Why Do Women Stop Using Contraception? Examining Bangladesh, Mali, and Zambia With PACE’s Choices and Challenges Tool

When decisionmakers better understand the data showing why women stop using contraception despite a preference to avoid pregnancy, they can promote policies and programs that enable continued use of and increased satisfaction with family planning services.

When women and couples have access to voluntary family planning and can choose whether, when, and how often to have children, multigenerational benefits accrue across the health, education, and economic sectors. Despite these benefits, 218 million women in low- and middle-income countries (LMICs) who want to delay or avoid pregnancy do not use modern contraceptive methods.

Contraceptive use dynamics, including how often women switch or stop using family planning methods, contribute to contraceptive prevalence rates, or the percentage of women currently using a particular method. Contraceptive use dynamics also play a role in determining reproductive outcomes like unintended pregnancy. However, data on contraceptive use dynamics can be difficult to analyze and interpret. Data are typically collected by asking women to recall their monthly contraceptive use over a period of several years, via retrospective calendars; the calendar data are then analyzed using advanced statistical methods. This complex process may help explain why data on contraceptive use dynamics are not used more often in policy and program decision-making. When decisionmakers better understand the data showing why women stop using contraception despite a preference to avoid pregnancy, they can promote policies and programs that enable continued use of and increased satisfaction with family planning services.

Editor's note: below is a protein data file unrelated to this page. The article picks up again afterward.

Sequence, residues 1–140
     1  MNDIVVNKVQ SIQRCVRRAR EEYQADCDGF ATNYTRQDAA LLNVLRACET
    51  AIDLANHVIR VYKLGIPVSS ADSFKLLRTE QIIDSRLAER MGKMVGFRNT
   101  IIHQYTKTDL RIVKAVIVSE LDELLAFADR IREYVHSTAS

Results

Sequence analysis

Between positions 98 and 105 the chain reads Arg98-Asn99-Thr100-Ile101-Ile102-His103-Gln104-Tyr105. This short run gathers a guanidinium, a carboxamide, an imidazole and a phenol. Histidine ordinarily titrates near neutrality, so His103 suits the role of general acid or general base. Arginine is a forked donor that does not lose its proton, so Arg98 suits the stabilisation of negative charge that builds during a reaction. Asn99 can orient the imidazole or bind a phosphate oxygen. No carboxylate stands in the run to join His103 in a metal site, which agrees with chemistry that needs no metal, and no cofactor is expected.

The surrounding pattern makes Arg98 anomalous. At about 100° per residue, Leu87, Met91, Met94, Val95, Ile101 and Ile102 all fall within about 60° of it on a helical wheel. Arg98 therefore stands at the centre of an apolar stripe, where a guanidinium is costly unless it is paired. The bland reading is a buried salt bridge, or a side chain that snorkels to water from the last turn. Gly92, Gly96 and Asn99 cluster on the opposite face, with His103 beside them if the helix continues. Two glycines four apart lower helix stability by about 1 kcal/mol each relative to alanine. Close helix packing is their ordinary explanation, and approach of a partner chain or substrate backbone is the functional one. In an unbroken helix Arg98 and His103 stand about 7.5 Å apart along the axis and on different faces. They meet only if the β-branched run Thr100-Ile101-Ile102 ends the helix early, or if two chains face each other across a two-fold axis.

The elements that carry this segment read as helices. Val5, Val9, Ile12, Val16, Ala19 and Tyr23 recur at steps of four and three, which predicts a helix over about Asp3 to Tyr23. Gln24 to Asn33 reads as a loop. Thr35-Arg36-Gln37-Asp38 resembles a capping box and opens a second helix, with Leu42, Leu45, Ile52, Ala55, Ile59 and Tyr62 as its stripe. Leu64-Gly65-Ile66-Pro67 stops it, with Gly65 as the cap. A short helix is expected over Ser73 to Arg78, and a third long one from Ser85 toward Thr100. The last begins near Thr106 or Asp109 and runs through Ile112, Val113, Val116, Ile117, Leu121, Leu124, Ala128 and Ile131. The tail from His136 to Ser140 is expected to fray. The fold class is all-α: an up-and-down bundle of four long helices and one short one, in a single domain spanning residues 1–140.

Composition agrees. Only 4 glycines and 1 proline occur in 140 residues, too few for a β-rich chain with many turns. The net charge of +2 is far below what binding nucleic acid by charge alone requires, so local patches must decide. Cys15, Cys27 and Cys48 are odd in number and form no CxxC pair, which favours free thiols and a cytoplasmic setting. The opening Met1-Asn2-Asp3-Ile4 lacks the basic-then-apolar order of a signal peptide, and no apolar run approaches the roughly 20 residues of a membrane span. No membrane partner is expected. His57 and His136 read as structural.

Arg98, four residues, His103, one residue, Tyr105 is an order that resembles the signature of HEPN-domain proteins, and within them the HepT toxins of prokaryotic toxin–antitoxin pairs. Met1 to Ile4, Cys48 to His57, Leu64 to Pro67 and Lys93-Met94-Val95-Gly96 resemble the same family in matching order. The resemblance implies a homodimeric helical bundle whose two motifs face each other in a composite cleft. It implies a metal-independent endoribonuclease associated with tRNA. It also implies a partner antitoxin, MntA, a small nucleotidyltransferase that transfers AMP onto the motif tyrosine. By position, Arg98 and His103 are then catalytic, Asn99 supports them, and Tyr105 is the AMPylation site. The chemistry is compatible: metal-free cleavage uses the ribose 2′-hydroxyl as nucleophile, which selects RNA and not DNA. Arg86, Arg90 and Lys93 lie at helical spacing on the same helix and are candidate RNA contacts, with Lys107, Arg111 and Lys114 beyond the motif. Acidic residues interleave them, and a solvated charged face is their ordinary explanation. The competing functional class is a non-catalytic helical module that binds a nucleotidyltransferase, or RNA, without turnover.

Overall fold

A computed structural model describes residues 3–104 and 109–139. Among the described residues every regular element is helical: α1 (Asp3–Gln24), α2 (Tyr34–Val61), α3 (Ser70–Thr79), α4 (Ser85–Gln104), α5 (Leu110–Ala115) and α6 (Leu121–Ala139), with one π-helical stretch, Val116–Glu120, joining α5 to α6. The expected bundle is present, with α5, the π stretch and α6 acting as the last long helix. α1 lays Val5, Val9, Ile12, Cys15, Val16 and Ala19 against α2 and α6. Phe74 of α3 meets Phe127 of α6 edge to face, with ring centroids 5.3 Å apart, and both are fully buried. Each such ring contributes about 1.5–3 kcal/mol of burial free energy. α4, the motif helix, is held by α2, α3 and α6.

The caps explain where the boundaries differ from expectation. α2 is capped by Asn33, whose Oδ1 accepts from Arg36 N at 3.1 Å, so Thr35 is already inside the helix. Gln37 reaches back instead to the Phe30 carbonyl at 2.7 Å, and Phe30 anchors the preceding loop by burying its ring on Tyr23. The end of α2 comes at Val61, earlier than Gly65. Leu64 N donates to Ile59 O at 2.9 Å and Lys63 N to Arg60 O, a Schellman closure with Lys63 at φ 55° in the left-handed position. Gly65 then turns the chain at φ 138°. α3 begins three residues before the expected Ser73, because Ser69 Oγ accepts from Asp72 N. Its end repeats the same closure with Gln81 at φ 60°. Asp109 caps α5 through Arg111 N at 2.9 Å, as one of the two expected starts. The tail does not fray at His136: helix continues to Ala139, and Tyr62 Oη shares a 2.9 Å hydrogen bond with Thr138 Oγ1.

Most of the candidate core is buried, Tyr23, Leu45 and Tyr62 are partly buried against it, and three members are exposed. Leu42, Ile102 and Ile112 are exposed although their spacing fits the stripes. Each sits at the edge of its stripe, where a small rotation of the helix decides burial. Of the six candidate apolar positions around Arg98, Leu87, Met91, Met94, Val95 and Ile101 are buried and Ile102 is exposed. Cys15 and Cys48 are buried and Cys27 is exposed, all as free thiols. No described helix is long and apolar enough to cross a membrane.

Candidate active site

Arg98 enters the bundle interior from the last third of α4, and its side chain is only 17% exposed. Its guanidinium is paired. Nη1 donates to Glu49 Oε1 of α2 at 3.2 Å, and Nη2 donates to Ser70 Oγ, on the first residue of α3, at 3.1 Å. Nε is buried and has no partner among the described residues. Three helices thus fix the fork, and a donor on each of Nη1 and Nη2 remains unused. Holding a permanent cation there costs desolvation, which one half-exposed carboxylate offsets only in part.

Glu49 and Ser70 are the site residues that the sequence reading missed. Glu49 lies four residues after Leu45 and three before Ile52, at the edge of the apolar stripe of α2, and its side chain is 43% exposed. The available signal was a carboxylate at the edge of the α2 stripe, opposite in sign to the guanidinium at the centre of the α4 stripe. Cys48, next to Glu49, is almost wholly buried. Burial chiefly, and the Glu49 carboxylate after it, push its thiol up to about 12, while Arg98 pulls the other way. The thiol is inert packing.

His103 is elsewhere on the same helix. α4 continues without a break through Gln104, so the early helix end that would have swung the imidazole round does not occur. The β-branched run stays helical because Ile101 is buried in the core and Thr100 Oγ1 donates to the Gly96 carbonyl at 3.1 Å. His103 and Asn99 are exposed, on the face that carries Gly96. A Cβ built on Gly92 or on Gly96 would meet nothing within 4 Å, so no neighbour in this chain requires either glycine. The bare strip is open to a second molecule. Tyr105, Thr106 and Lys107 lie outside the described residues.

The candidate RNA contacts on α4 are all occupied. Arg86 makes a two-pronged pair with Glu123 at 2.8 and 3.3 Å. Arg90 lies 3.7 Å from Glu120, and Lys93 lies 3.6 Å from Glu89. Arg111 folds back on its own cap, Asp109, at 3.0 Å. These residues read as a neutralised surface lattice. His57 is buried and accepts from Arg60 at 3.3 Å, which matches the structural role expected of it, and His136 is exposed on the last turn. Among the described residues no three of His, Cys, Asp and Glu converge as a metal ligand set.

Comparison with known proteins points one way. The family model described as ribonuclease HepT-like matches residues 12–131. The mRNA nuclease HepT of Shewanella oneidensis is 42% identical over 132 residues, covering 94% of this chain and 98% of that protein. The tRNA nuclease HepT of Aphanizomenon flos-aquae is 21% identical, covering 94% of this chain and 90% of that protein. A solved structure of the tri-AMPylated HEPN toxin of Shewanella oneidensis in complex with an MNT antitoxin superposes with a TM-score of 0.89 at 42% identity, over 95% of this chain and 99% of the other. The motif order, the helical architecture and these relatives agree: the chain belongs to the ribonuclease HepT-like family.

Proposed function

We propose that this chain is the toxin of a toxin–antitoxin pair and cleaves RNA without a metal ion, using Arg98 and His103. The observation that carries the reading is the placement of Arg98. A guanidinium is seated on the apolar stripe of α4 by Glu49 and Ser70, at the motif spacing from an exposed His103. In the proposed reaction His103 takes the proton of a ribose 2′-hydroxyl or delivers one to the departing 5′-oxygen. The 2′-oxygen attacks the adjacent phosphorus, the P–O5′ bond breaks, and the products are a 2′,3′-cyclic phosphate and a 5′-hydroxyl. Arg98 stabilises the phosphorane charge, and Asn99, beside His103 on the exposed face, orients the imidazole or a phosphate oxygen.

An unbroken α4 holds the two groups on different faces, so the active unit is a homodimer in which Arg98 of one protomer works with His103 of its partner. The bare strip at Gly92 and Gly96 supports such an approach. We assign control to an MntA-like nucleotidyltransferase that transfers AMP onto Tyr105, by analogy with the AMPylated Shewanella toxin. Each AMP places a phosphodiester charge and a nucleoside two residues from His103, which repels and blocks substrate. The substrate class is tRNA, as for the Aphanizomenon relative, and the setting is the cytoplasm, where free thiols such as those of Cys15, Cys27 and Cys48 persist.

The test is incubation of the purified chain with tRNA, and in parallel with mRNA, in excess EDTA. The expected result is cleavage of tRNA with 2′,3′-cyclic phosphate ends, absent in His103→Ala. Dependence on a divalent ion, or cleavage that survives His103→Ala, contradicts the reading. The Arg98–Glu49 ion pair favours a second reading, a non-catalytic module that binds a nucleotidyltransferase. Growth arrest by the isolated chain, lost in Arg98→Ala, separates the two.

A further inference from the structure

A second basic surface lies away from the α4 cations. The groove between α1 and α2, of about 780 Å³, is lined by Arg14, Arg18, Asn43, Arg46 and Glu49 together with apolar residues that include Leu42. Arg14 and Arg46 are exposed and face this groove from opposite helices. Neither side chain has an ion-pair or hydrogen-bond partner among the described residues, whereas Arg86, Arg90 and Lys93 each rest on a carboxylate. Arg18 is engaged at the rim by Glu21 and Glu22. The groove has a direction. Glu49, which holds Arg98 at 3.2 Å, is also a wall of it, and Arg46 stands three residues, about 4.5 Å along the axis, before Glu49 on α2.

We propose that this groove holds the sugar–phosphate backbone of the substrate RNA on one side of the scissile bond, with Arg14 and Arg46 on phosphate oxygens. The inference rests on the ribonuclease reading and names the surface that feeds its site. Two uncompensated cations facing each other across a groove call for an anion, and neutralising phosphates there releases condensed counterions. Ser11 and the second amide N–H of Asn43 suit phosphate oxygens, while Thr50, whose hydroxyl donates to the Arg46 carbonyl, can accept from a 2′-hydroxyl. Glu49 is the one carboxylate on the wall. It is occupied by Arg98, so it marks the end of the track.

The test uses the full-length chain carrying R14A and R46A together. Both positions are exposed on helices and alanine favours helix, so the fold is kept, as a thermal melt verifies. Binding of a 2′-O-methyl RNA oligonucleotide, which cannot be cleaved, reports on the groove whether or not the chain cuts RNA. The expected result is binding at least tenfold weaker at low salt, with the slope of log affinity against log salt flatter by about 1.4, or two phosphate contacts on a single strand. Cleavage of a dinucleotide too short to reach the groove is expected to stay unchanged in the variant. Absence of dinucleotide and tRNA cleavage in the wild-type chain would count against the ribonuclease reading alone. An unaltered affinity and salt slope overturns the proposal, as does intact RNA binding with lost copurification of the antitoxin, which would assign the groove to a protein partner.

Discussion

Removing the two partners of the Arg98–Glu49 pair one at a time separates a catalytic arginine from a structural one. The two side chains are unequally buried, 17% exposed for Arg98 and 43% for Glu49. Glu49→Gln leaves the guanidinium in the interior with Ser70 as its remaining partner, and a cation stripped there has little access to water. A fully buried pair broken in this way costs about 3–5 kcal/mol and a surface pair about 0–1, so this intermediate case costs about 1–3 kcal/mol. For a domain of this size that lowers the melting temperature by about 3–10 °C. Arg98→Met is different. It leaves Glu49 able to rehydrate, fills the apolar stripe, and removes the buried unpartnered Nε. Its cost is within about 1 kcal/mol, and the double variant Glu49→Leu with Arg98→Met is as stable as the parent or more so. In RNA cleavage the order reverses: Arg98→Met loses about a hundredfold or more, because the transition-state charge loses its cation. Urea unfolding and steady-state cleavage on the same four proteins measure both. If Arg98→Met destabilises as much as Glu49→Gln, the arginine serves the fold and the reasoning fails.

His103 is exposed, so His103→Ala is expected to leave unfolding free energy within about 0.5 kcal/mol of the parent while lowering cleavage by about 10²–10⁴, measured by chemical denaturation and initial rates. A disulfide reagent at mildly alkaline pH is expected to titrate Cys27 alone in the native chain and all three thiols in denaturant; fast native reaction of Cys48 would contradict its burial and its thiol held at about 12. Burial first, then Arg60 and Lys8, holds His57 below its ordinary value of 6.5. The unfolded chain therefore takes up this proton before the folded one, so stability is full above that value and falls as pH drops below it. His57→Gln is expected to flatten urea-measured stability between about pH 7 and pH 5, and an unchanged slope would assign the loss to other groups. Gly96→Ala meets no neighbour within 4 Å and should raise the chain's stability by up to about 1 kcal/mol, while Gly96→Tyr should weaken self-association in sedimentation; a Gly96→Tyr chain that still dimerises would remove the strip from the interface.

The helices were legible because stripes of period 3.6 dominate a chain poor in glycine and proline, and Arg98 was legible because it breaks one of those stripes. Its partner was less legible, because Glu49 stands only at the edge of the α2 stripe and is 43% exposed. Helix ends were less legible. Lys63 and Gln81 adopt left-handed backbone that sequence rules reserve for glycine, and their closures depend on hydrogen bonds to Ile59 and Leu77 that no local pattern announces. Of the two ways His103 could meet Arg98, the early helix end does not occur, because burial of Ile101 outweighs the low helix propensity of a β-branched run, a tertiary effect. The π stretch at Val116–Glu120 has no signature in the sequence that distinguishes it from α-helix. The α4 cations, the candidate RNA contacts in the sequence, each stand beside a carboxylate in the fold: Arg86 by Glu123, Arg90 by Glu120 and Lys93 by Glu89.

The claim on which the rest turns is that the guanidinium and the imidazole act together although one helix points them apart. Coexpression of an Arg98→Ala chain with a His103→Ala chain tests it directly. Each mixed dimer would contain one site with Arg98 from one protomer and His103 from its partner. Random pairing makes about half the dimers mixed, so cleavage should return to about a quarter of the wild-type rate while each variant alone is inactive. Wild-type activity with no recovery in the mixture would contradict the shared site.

PACE’s Choices and Challenges tool provides an accessible, user-friendly resource on contraceptive use dynamics. Leveraging data on 13 LMICs from the Demographic and Health Survey Contraceptive Calendar, the tool features interactive visualizations that highlight key patterns of contraceptive discontinuation and method switching in these countries, as well as the reasons women stop using contraception.